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Theme: Science/policy interface

Key finding 21
Biodiversity monitoring, research, information management, and reporting

National key finding
Long-term, standardized, spatially complete, and readily accessible monitoring information, complemented by ecosystem research, provides the most useful findings for policy-relevant assessments of status and trends. The lack of this type of information in many areas has hindered development of this assessment.

Evidence from Ontario

Despite being home to 53% of Canada’s population,444 and having a high level of access, the Mixedwood Plains has limited data with which to deliver a meaningful ecosystem assessment.  Most of the data available for this ecozone+ was generated to answer specific research or management questions and was not part of a long term monitoring program. Generally, long term, broad-scale monitoring programs which would provide data to support initiatives such as ESTR have not been designed, resourced, or implemented for this ecozone+.

At the landscape scale in the Ontario portion of the Mixedwood Plains, reporting is limited by the lack of a forest inventory (to allow monitoring of changes in tree species) and by the fact that no commitment has been made to the updating of the Southern Ontario Land Resource Inventory System (SOLRIS) which is a coarse scale land cover layer which would allow the tracking of broad scale landscape change over time.  In addition to having only coarse grained, non-updated land cover data, there is little understanding of the amount and configuration of natural vegetation that is required to protect biodiversity and ecological services. The recent State of Ontario’s BiodiversityReport, 2010 used 25 indicators that related to the Mixedwood Plains ecozone+. Of those indicators, eight had high data confidence, 15 had medium data confidence, and two were not assessed either due to lack of data or the lack of analysis of existing long-term data.213 At present, only 16 of those indicators will have data available in the future which will allow them to be re-examined.213

For terrestrial species, much of our long term trend data comes from “citizen science”.  Bird and amphibian data such as that collected by the Breeding Bird Atlases, Breeding Bird Surveys, Christmas Bird Counts, Marsh Monitoring Program, Amphibian Road Call Count, and Frogwatch Canada are examples of such citizen science. The Ontario Federation of Anglers and Hunters runs two citizen science programs in partnership with the Ontario Ministry of Natural Resources both of which relate to invasive species: the Invading Species Watch program which specifically deals with testing of water samples for spiny water flea (Bythotrephes longimanus) and zebra mussel veligers (Dreissena polymorpha), and the Invading Species Awareness program which allows citizens to report sightings of invasive species.239 These programs, along with others like them, are able to provide scientifically reliable, long-term data over large areas445,446 while allowing citizens to participate in the conservation of their local biodiversity.447 However, these programs are not able to cover the full breadth of monitoring that is required as they need to use data collection protocols which lend themselves to use by non-scientists.445 In addition to the citizen monitoring, many species at risk now have monitoring data being collected for them through the direction of their recovery team. Much of the SAR monitoring data collected in Ontario is stored at OMNR’s Natural Heritage Information Centre, however there is no specific requirement for standardized monitoring protocols or the storage of the data in a centralized repository.448 Since most of the species found in Ontario are neither SAR, invasive species, or suitable for citizen monitoring, data which allows for the examination of broad scale, long term trends is not available for them.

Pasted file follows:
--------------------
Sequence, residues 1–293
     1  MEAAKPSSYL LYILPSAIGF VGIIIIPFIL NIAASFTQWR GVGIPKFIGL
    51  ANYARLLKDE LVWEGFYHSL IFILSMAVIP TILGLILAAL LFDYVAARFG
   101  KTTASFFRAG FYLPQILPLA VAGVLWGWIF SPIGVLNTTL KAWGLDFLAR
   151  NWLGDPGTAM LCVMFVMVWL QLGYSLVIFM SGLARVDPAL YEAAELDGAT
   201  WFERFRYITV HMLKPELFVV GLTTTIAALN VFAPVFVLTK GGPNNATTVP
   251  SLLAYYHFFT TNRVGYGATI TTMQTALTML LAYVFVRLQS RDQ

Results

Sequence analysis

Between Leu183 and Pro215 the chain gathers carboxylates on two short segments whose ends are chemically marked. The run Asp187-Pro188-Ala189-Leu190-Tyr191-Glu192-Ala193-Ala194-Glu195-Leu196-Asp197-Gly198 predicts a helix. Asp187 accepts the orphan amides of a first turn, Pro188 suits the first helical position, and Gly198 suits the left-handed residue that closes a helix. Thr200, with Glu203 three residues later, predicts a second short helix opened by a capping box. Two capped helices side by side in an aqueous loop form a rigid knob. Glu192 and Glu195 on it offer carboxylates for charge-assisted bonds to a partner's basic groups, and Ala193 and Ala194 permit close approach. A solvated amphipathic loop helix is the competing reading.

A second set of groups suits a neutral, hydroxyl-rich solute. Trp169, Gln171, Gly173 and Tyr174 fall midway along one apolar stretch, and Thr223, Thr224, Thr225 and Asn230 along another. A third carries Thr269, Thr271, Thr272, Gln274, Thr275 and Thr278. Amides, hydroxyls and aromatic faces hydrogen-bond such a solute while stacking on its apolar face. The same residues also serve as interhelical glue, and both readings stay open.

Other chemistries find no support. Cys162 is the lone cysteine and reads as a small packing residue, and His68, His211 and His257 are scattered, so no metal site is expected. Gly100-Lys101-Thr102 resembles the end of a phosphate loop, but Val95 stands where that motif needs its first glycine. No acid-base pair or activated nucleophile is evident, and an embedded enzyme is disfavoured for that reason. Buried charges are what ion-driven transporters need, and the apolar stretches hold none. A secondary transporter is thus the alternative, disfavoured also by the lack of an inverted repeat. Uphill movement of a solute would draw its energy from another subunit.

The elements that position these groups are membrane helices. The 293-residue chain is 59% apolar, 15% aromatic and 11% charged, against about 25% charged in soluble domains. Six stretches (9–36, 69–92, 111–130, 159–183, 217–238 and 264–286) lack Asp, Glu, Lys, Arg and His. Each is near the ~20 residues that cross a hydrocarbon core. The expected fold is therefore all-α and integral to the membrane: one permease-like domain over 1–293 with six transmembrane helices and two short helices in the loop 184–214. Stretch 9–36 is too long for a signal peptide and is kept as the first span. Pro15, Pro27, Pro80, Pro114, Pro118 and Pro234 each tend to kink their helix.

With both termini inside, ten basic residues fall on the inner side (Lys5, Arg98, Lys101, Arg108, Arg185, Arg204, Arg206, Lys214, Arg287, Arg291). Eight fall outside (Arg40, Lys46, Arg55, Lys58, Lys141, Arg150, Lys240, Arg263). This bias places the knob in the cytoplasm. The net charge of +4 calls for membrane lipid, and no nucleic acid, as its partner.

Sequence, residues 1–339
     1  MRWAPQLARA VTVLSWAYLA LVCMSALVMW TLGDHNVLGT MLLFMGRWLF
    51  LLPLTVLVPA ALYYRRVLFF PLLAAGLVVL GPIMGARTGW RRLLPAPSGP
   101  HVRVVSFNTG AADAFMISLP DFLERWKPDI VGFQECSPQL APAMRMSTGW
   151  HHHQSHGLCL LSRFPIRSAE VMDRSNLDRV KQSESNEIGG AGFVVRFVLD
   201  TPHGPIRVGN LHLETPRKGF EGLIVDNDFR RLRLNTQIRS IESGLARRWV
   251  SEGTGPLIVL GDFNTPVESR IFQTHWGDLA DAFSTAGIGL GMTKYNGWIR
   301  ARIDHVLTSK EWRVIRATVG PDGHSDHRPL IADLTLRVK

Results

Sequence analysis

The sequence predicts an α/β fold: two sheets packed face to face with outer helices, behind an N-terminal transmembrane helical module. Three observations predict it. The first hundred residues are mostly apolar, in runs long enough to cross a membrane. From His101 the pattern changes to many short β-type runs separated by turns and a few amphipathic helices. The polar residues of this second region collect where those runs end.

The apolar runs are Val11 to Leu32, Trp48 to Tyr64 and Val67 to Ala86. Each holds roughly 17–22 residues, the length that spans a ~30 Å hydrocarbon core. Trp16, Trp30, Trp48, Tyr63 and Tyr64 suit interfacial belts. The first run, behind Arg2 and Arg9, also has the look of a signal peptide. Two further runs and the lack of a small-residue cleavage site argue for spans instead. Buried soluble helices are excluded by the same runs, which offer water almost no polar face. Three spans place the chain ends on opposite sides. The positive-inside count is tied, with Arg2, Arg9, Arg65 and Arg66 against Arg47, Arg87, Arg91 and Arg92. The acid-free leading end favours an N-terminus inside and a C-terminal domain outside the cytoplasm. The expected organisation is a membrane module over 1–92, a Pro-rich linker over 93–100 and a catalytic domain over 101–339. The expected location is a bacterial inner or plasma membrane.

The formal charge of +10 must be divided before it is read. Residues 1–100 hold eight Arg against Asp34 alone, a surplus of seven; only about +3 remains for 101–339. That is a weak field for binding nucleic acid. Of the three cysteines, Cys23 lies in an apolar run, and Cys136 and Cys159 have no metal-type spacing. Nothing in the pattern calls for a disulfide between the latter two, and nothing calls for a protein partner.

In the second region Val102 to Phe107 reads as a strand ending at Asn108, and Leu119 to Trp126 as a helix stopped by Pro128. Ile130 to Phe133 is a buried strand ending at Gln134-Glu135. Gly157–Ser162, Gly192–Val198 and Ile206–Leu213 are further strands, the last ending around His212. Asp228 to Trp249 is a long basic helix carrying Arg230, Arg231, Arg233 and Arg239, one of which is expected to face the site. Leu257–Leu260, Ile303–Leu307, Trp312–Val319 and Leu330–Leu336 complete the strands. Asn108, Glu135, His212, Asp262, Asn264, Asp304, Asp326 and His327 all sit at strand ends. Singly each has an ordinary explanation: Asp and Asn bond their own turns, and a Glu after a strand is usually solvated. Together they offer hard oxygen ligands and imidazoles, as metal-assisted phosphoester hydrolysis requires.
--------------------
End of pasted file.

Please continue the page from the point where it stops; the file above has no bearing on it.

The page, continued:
There has been very little standardized species monitoring and inventory for aquatic species done in the Ontario portion of the ecozone+ since the 1980s.161 When hydrometric data was examined across Canada,449 it was found that in the lower St. Lawrence (southern Ontario west of the Lake Simcoe) 25% of the area was highly deficient while about 50% was deficient of gauging stations and that while the network appears dense, the large deficit areas suggest that the network was poorly designed. While the middle St. Lawrence, which stretches from the around Lake Simcoe to the Montréal area, had only 27% of its area with insufficient gauging stations which indicated a somewhat better situation in this area.449